The Swan Song Project invites you to join them for a Dying Matters special edition of their virtual singing group. The group meets virtually every Thursday evening on Zoom to share the joy of singing. All participants are muted (Due to time lagging issues with Zoom), the songs are taught using a vocal loop pedal meaning you can hear all of the harmonies and simply choose which one you would like to sing along with. As part of Dying Matters week their session on Thursday 13 May will be reflective in nature. Beautiful songs that can help us remember those we have lost and bring us closer to those with us.
The session is free to attend and you can register via eventbrite – https://www.eventbrite.co.uk/…/the-swan-song-project…
Leeds Museums and Galleries
Friday 14 May at 10am
“All that Remains: Death and Dying in the Museum” will go live on Leeds Museums and Galleries’ YouTube channel on Friday 14 May from 10am – link to be confirmed.

Legal challenge to inequality for ‘legacy benefits’

This may apply to you if you are getting ESA or JSA or have been during the pandemic – since March 2020.

We will be keeping an eye on the outcomes and sharing information as we get it.

DWP court battle means millions could get £1,000 benefits back pay.:
People on older ‘legacy benefits’ could be in line for a payout as the Government faces a court benefits battle.
The legal fight centres on the £20 a week uplift given to people on Universal Credit at the start of the pandemic, The Mirror reports.
The payment didn’t go to those on older benefits, like employment support allowance (ESA), income support, and jobseekers’ allowance (JSA).
Many of those still claiming the older benefits are disabled, sick, or carers. According to Disability Rights UK, over 1.9million disabled people are still claiming ESA payments.
And this week, two recipients of ESA challenged this decision at the High Court for judicial review.
They argued it was discriminatory and unjustified to exclude people from higher payments just because their benefits were administered under an old system. On Thursday, the High Court agreed the issue could be arguably unlawful and will decide the case later this year.
The claimants have asked for the trial to be heard before the end of July 2021.
William Ford, of Osbornes Law, which is representing the claimants, said: “We are pursuing this legal challenge based on the proposition that the pandemic means those dependent upon basic allowances are facing higher basic living costs, and yet despite their very similar circumstances, only some of them receive a Covid-specific uplift to help meet those costs.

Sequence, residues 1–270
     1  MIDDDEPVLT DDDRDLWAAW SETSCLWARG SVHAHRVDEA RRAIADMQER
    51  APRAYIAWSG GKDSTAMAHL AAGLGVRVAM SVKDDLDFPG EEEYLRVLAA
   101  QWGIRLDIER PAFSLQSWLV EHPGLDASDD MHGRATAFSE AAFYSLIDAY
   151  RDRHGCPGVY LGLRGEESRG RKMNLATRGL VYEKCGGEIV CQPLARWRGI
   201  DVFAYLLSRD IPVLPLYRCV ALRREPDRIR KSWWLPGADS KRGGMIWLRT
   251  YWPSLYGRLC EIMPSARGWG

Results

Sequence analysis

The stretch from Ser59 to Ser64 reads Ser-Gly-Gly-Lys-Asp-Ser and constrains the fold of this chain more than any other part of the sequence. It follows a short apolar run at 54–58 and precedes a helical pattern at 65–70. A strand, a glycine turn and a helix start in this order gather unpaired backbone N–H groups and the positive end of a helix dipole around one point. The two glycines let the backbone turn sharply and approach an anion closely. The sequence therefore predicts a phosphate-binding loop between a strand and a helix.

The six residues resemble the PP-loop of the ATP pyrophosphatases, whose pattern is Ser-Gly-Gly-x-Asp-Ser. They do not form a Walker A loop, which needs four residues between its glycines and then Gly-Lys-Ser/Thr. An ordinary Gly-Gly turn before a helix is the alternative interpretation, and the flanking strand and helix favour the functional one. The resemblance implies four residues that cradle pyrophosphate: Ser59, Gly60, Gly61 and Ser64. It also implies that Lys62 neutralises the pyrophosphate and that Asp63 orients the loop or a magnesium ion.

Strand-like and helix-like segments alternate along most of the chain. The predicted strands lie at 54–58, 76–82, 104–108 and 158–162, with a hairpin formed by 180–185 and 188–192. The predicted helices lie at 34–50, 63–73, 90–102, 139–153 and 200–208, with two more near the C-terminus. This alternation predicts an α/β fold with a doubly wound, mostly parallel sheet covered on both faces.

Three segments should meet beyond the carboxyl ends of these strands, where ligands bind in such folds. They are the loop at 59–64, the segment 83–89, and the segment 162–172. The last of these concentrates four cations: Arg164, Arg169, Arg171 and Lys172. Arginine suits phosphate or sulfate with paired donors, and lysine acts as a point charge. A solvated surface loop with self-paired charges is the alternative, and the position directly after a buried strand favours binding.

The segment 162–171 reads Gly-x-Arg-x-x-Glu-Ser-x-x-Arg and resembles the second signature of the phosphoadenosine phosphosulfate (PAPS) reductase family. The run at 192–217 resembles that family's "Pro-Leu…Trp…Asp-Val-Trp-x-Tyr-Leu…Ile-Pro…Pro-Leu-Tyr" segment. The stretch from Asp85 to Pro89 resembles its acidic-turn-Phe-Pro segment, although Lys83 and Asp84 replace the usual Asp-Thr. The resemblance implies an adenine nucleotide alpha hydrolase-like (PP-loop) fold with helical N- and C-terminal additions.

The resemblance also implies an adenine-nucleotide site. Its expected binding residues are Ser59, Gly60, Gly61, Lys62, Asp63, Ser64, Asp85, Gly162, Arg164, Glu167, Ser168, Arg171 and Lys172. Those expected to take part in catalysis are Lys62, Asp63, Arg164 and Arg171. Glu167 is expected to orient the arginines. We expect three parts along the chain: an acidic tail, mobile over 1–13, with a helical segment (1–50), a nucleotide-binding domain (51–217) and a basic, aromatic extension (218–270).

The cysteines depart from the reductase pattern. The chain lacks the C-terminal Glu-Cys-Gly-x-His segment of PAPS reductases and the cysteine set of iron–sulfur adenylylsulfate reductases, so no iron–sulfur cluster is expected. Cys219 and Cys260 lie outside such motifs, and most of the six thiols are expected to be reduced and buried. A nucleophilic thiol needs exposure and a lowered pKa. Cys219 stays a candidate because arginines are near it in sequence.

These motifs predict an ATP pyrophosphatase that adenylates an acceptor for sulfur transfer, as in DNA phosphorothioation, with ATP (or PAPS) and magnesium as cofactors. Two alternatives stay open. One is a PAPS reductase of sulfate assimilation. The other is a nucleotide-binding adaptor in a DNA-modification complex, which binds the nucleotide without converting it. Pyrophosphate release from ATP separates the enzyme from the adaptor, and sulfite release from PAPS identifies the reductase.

“This unfairness calls for a properly evidenced justification, particularly as almost 2 million disabled people are disproportionately affected by this decision and the pandemic generally. Thus far the Government has failed to provide any objectively verifiable reason for the difference in treatment of people in essentially identical circumstances.”
A DWP Spokesperson told The Mirror: “It has always been the case that claimants on legacy benefits can make a claim for Universal Credit if they believe that they will be better off.”
Helen Barnard of the Joseph Rowntree Foundation, said “everyone should have access to a strong social security system that protects them from harm when they are struggling to stay afloat.”
She added: “Disabled people and carers already face a greater risk of poverty, so there can be no justification for offering them less support than people claiming Universal Credit simply because they are in a different part of the system.
“Discrimination has no place in our social security system and every day we fail to act undermines public trust and intensifies hardship. Ministers must right this injustice by urgently extending the £20 increase to legacy benefits.

Helping yourself to feel safe when out and about

As lockdown eases and we start thinking about getting out more, it’s natural that some people may be feeling anxious or unsure about going out.  British Red Cross have some really helpful advice about making a personal risk judgement and building your confidence here: https://www.redcross.org.uk/get-help/coronavirus/judging-risk-when-going-out

Consider your own needs, and those closest to you
A
cknowledge the source of stress, and how it impacts upon you
L
isten to how you’re feeling mentally and physically
M
anage ways to manage your stress and regain control
E
nable – what has enabled you to cope with stress in the past?
R
esource – what do you need to put steps in place?